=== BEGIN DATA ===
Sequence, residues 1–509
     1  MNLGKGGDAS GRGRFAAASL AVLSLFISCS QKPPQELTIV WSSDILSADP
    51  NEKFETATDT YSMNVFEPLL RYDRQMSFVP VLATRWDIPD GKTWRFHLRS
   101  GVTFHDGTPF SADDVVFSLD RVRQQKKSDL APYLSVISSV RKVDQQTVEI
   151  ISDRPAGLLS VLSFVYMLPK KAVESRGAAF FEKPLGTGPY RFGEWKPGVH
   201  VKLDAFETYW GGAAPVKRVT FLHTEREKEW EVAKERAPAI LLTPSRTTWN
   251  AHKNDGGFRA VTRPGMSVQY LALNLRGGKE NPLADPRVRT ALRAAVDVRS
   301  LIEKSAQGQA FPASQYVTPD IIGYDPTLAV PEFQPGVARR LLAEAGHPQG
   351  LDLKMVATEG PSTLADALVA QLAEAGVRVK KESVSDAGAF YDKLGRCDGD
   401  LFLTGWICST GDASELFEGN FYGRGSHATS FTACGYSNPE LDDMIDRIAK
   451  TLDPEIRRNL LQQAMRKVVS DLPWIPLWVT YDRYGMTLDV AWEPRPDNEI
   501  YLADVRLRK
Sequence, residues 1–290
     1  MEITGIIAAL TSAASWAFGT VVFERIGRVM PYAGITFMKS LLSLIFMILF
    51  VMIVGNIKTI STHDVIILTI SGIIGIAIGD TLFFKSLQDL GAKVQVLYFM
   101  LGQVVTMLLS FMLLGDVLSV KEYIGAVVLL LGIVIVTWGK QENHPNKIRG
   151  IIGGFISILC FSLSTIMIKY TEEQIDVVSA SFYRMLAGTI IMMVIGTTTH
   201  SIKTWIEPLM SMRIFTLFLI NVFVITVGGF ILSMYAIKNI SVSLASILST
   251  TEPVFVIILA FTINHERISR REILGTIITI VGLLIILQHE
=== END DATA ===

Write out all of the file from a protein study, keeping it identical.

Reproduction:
Sequence, residues 1–509
     1  MNLGKGGDAS GRGRFAAASL AVLSLFISCS QKPPQELTIV WSSDILSADP
    51  NEKFETATDT YSMNVFEPLL RYDRQMSFVP VLATRWDIPD GKTWRFHLRS
   101  GVTFHDGTPF SADDVVFSLD RVRQQKKSDL APYLSVISSV RKVDQQTVEI
   151  ISDRPAGLLS VLSFVYMLPK KAVESRGAAF FEKPLGTGPY RFGEWKPGVH
   201  VKLDAFETYW GGAAPVKRVT FLHTEREKEW EVAKERAPAI LLTPSRTTWN
   251  AHKNDGGFRA VTRPGMSVQY LALNLRGGKE NPLADPRVRT ALRAAVDVRS
   301  LIEKSAQGQA FPASQYVTPD IIGYDPTLAV PEFQPGVARR LLAEAGHPQG
   351  LDLKMVATEG PSTLADALVA QLAEAGVRVK KESVSDAGAF YDKLGRCDGD
   401  LFLTGWICST GDASELFEGN FYGRGSHATS FTACGYSNPE LDDMIDRIAK
   451  TLDPEIRRNL LQQAMRKVVS DLPWIPLWVT YDRYGMTLDV AWEPRPDNEI
   501  YLADVRLRK
Sequence, residues 1–290
     1  MEITGIIAAL TSAASWAFGT VVFERIGRVM PYAGITFMKS LLSLIFMILF
    51  VMIVGNIKTI STHDVIILTI SGIIGIAIGD TLFFKSLQDL GAKVQVLYFM
   101  LGQVVTMLLS FMLLGDVLSV KEYIGAVVLL LGIVIVTWGK QENHPNKIRG
   151  IIGGFISILC FSLSTIMIKY TEEQIDVVSA SFYRMLAGTI IMMVIGTTTH
   201  SIKTWIEPLM SMRIFTLFLI NVFVITVGGF ILSMYAIKNI SVSLASILST
   251  TEPVFVIILA FTINHERISR REILGTIITI VGLLIILQHE